Mechanism of Action

Digitalis has the unique characteristic of increasing contractility (positive inotropy) while decreasing heart rate (negative chronotropy). This pharmacological profile results from indirect as well as direct effects of digitalis glycosides on the heart. Digitalis is a fat-soluble steroid that crosses the blood-brain barrier and enhances vagal tone. The slowing and/or conversion of a patient with supraventricular arrhythmia (e.g., atrial fibrillation, supraventricular tachycardia) with digitalis results from enhancement of vagal tone. This increased vagal activity increases acetylcholine release, which in turn is coupled to the opening of a K+ channel. Opening of this K+

channel results in closing of the L-type sarcolemmal Ca++ channel. Ca++ channel inhibition slows the heart rate and/or converts the rhythm to a sinus mechanism.

Digitalis works directly on the heart through an action on the sodium-potassium (Na+-K+) ATPase. Since all living cells have a resting membrane potential, there is an electrochemical gradient across the cell membrane that is not at a steady state electrically. There is an imbalance in that all cells are intracellularly negative compared to the outside of the cell. The maintenance of this gradient requires metabolic energy to maintain this difference in ions. This electrochemical gradient is lost after death. The activity of the Na+-K+ ATPase results in serum sodium levels of roughly 140 to 145 mmol and serum potassium around 5 mmol. Inside cells the Na+ concentration is low and the K+ concentration is high. The reason for this difference between the intracellular and extracellular sodium and potassium is the action of the Na+-K+ ATPase enzyme. Digitalis binds to this enzyme and inhibits its activity. This results in an elevation in intracellular Na+ that leads to an increase in extrusion of Na+ through the Na+-Ca++ exchanger, which functions to maintain a relatively constant level of both Na+ and Ca++ in the cell. The Na+-Ca++ exchanger normally extrudes Ca++ in exchange for Na+. However, in the presence of increased intracellular Na+, it will extrude Na+ by exchanging it for extracellular Ca++. This reversal in the activity of the Na+-Ca++ exchanger results in an increase in intracellular ionized free Ca++ that enhances myocardial contractility.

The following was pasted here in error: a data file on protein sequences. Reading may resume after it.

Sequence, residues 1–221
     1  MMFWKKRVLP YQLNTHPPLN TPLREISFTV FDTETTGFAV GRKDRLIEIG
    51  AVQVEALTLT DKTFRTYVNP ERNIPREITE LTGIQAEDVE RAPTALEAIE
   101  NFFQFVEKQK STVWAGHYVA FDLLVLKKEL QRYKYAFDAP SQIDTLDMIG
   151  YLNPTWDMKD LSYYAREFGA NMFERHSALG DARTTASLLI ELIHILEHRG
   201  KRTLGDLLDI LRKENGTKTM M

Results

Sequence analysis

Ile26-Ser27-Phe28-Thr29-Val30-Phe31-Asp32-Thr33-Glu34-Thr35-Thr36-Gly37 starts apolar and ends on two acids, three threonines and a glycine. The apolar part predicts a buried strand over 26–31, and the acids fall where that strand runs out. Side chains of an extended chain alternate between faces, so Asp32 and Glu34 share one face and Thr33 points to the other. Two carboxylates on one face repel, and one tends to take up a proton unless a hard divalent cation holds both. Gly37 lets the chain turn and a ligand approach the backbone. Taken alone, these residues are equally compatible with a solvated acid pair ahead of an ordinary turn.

The current hypothesis regarding the cellular basis for the positive inotropic effect of digitalis helps to explain some of the wide individual variability in the dosage required to develop digitalis toxicity. Differences in pH, ischemia, Na+, K+ , and Ca++ can each alter the likelihood of developing toxicity within the same patient and between individuals.

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